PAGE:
It’s Writing Time, Dammit
Here we go again…
There’s a danger in knowing too little. There’s also a danger of knowing too much. And then, there’s just the straight-up danger of going into a situation so confused you’re not sure which way is forward (or up, for that matter).
Let me start at the beginning.
I’m about to write a new book (the first book in a proposed series, in fact), and I’ve managed to damn near paralyze myself by considering all my options.
All my many, many, way-too-many options.
It was easier when I was writing The Joined World trilogy because I didn’t really know what I was doing, publishing-wise. I knew how to write, but I didn’t know about the marketing end of it.
And, as it turns out, the marketing end is pretty important if you want to — oh, I don’t know — let people who you don’t know that you wrote a book.
(Turns out, if they don’t know that, they can’t pay you to read it, and since my ultimate goal is to make enough money to do this full-time, that’s a bit of a deal breaker.)
So, I decided to do my due diligence and learn about that end of the business. I wanted to educate myself when I had another book to put out there. I took courses. I watched YouTube videos. I took more courses. I read books about the process. Then, there were more courses.
Like on any other topic, there are good (and great) sources of information, there are misleading sources, and then there are “pay me $x and I’ll guarantee your success” sources. While I’ve never fallen for Option No. 3 on that list, it can be hard to tell the difference between the first two at times.
The latest thing I’m tripping over as I’m about to get started is the “Write to Market” school of thought when it comes to writing. This isn’t the “Harry Potter did well, so I’ll write my own boy wizard story” bugaboo. I don’t want to chase the market. It is, as it has been explained to me, finding a genre/category that has readers in it in which you would want to write but hasn’t been oversaturated.
Seems like a sound theory — if you’re deciding between two genres, and one doesn’t have any readers or interest, it’s just as easy to write in the other.
It is possible to go down a rabbit hole in researching this, however, and start spinning your wheels.
Very possible. Trust me.
I have an idea for the series, of course, but I also decided that I would give discovery writing a try with this one — instead of starting with an outline in advance, I’m going in with some ideas and see where the story takes me. It’s a new process for me, but it sounds like it could be fun. I wrote a novella about one of the characters who is going to figure prominently in the new series with this method, and it was very cool. The characters went to places I wouldn’t have thought of if I had been outlining.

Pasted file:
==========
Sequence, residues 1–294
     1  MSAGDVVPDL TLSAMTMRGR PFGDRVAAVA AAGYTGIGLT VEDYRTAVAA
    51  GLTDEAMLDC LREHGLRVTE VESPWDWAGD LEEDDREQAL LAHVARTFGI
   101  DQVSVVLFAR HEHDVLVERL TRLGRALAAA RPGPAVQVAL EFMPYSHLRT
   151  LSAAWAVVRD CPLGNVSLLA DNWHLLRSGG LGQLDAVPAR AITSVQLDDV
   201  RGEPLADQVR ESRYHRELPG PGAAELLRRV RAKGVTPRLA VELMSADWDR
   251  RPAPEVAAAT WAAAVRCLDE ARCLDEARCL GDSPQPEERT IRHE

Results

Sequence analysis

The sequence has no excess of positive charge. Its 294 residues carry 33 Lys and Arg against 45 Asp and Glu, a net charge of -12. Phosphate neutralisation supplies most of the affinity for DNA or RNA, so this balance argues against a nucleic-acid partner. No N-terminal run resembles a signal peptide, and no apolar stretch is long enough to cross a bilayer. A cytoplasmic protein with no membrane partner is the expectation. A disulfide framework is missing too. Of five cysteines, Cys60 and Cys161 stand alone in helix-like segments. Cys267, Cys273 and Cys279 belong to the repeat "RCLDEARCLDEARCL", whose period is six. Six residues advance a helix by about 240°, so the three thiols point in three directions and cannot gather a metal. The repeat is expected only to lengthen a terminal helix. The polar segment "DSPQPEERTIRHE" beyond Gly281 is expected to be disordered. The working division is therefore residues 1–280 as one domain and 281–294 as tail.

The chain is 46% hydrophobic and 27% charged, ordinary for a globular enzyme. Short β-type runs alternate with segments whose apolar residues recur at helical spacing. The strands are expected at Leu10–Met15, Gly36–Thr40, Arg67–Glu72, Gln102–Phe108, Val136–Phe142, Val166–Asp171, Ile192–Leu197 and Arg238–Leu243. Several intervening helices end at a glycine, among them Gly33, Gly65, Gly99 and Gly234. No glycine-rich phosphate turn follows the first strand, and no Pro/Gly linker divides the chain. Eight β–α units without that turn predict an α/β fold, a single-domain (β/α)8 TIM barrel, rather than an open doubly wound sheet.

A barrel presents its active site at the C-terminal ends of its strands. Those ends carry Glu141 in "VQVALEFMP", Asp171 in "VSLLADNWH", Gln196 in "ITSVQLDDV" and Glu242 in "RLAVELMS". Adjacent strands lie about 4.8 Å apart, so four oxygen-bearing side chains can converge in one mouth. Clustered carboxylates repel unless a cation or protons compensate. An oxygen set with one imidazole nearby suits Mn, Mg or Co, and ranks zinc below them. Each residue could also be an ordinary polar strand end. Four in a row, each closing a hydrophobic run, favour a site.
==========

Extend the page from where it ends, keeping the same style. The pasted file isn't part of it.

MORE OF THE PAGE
It’s weird to be surprised by your own brain, but I dug the process enough to want to do a full novel using this method. Still, it’s a note of uncertainty in a chorus of, well, uncertainty.
I think the correct answer to this situation is “Shut up and write.” It’s what I’d tell someone if they came to me for advice. I’d sugarcoat it a little better than that, of course, but it’s the correct advice.
It’s interesting that this is timing out also to be the start of NaNoWriMo (National Novel Writing Month) — a month-long event in the authoring world where people try to pump out a 50,000-word novel in the month of November. I’ve always wanted to try that, but I really don’t need that kind of pressure in my life right now. Still, there’s a lot of encouragement out there right now for writers who want to up their word count.
Seeing how my output for the last month has been, save for these blog posts, zero, it shouldn’t be that hard to top.
One of the things I have been doing is getting a newsletter up and running. If you’re interested, you can go to the newsletter page, sign up (it’s free), and get updates, plus the aforementioned novella, another novella and some flash fiction stories. I’ll also be sending out a newsletter with updates, things at least I think are interesting and other things. That’s not a sales pitch, by the way. Also, no spam. Never spam. It’s bad.
All right, enough stalling. Time to move. I’ll keep you posted on how it’s going.